Twin sisters provide spark for unbeaten Nokomis girls basketball team as showdown with MDI looms

Posted Feb. 17, 2014, at 2:12 p.m.
Nokomis' Kelsie Richards (right) tries to block Presque Isle's Hannah Graham as she drives for the basket players during the first half of the Eastern Maine Class B championship game in Bangor on Saturday, Feb, 23, 2013.
Nokomis' Kelsie Richards (right) tries to block Presque Isle's Hannah Graham as she drives for the basket players during the first half of the Eastern Maine Class B championship game in Bangor on Saturday, Feb, 23, 2013. Buy Photo
Nokomis' Kylie Richards (top) and Presque Isle's Hannah Graham fall on the floor as they scramble for the ball during the first half of the Eastern Maine Class B championship game on Feb. 23, 2013 in Bangor.
Nokomis' Kylie Richards (top) and Presque Isle's Hannah Graham fall on the floor as they scramble for the ball during the first half of the Eastern Maine Class B championship game on Feb. 23, 2013 in Bangor. Buy Photo

BANGOR, Maine — Twin sisters Kelsie and Kylie Richards feature different playing styles for the Nokomis High School basketball team.

“She’s more of a shooter and I’m more of a driver to the basket,” said Kylie, who is eight minutes younger than her twin. “We’re both pretty good on defense.”

The twins are two of the key components to the Nokomis 19-0 season to date.

Kelsie starts and is averaging 8-9 points and 4-5 assists per game. Kylie comes off the bench and supplies the team win an instant infusion of energy.

During Saturday’s 42-22 win over John Bapst of Bangor in an Eastern Maine Class B quarterfinal, Kylie made a steal just 30 seconds after entering the game.

Kelsie Richards finished with eight points and seven rebounds and Kylie contributed four points and four rebounds. Each girl had two assists.

Nokomis coach Michelle Paradis said Kelsie Richards is their floor general. She directs the offense, is one of their quickest players, and usually guards the top guard.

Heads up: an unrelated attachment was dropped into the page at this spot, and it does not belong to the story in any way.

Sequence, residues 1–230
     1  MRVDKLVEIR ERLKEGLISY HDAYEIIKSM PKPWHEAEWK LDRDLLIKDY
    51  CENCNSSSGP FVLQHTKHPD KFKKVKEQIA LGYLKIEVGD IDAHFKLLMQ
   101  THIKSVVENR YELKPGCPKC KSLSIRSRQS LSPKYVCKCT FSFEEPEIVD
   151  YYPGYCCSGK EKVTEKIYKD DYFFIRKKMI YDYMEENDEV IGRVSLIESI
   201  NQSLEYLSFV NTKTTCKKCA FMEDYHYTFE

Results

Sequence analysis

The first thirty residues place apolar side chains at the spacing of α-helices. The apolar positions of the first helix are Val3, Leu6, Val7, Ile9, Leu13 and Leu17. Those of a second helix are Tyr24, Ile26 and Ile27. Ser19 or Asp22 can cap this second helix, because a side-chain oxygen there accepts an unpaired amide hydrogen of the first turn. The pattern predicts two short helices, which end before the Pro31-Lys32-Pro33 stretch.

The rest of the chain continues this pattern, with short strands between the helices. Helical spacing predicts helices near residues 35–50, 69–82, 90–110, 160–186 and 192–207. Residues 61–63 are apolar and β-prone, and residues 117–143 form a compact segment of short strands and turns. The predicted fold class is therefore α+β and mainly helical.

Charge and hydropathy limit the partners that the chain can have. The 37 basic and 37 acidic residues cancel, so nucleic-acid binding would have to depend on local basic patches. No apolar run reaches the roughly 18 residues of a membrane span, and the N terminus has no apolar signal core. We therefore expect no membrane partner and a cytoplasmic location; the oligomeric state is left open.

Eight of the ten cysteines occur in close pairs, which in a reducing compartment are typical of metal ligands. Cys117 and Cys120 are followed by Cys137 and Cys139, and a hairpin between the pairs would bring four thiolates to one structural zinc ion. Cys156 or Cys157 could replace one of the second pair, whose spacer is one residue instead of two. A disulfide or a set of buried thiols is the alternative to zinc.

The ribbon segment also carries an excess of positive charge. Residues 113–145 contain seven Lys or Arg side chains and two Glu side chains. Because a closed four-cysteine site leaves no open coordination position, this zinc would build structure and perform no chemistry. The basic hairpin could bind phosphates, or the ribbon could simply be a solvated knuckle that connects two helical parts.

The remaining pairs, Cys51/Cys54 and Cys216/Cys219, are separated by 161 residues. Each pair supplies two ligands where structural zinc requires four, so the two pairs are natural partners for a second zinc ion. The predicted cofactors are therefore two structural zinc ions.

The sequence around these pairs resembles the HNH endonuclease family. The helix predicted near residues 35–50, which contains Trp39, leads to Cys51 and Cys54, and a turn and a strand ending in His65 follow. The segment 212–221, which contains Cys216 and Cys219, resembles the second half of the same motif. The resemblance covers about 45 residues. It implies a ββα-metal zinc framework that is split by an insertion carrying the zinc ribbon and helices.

Kylie said Paradis, “has excellent anticipation and causes at least six or seven turnovers. When she comes in, our energy level goes up 150-200 percent.”

Kelsie said being twins “helps us a lot with basketball. It helps our chemistry. We’ve played together so long, we know what each other is going to do.”

Besides the numbers on their uniforms — Kylie wears No. 12 and Kelsie wears No. 23 — one of the other ways you can tell them apart is Kylie wears a knee brace.

“I injured my ACL [anterior cruciate ligament] last year. That’s why they have me coming off the bench now,” said Kylie, who appears very comfortable with her role.

They are used to people mixing them up and they have fun with it.

“People will ask us if we’re twins and we’ll say ‘No. We don’t even know each other,’” quipped Kylie.

They say their personalities and interests are similar with a few differences.

“I’m obviously the nicer one,” joked Kelsie.

Kelsie also said it can be annoying every once in a while.

“When one of us is grumpy, the other gets the brunt of it,” she said.

The Richards twins will try to make 17-2 Mount Desert Island grumpy at 7:05 p.m. Wednesday when they meet in a semifinal at the Cross Insurance Center.

 

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